Once I was not able to make it a medical appointment because the free medical transportation is so overloaded that it often comes very early or very late. The second time I waited an hour and 20 minutes. I frantically texted a friend to pick me up to bring me to the doctor. I can’t be seen as having missed a single appointment, or it would jeopardize my entire disability process with the government. My friend ran over to my house, got me in the wheelchair and into the car. I arrived right on time for my appointment. We decided we’ll figure out how to pay for the gas later.

All I’m asking for is Social Security benefits. That is money that I paid into over decades of working. The capitalists believe in inheritance when it’s convenient, for them, but what about the money that my relatives put into Social Security? Some of them died early deaths not far from the factories where they worked, likely from lack of access to healthcare. This is our money, even by their standards. This is our inheritance from the past struggles of our class.

Yet the government withholds and stonewalls so many people like me. The politicians and media spread propaganda about disability benefits, focusing on a few stories of corruption to make the system even more stringent. When I ask for disability benefits it’s because I need them to survive. Accessing life-saving benefits should not be this hard. Even if 100 more people were to get benefits from lying or even a million, I think it would be worth it if it meant eliminating these anti-worker and anti-poor bureaucratic hurdles. Even if just one person did not have to go through what I am experiencing, it would be worth it. The current sadistic system slams the door in our faces when we’re barely able to stand.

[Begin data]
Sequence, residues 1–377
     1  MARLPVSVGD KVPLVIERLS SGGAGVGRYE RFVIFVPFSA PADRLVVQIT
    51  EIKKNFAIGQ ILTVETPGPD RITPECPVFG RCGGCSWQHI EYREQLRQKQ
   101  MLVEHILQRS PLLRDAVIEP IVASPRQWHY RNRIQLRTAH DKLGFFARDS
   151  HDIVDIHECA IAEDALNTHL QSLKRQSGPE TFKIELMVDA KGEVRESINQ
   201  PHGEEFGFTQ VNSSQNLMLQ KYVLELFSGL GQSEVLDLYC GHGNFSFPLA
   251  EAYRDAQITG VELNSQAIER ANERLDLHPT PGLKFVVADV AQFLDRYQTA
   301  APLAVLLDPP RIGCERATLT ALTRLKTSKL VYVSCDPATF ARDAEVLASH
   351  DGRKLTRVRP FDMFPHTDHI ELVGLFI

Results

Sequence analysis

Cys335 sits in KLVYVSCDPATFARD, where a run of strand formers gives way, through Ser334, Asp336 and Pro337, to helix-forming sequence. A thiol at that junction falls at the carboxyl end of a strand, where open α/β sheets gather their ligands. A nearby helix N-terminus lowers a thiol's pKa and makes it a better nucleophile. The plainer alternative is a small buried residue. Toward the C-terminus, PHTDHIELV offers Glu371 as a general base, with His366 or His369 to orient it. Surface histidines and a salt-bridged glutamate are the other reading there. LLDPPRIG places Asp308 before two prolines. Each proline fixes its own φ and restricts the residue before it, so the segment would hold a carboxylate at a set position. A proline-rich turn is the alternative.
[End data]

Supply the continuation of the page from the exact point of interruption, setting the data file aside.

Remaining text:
And how disgusting is it that to secure a higher likelihood of winning my appeal (which in Louisiana is about 80 percent), I have to pay a lawyer $6,000 to say in front of a judge that I am sick ? Six thousand dollars and a judge for what is plainly obvious? Gas station clerks have asked me, “Sir, do you need help? Are you okay?” A Jack-in-the-Box worker let me lean on her all the way to my car. Get the judges and the lawyers out of healthcare!

But I haven’t forgotten the most important part: we have to do away with the system where insurance companies decide what to do with your health and not you and your doctor.

A friend of mine who is an insurance agent asked me what his job would be under socialism. I told him there would be no such job, that we would do away with insurance companies altogether and that socialism itself was the “insurance” that we needed. But I told him not to worry, under a socialist government he would be retrained. He probably would be a baseball coach for kids.

In an article on Marketplace.com I saw a lawyer’s comments about the everyday struggles of her clients to access benefits. The reporter then contacted the Social Security Administration, which declined to comment. However, here at Liberation News we are a different kind of reporter, telling the stories of the working class. The stories show us why we need a mass movement to fight for the only system where people’s needs come first — socialism — so that you don’t have to experience pain and justify your need for care at the same time. For millions of us struggling with disabilities, winning a new system is a matter of life and death.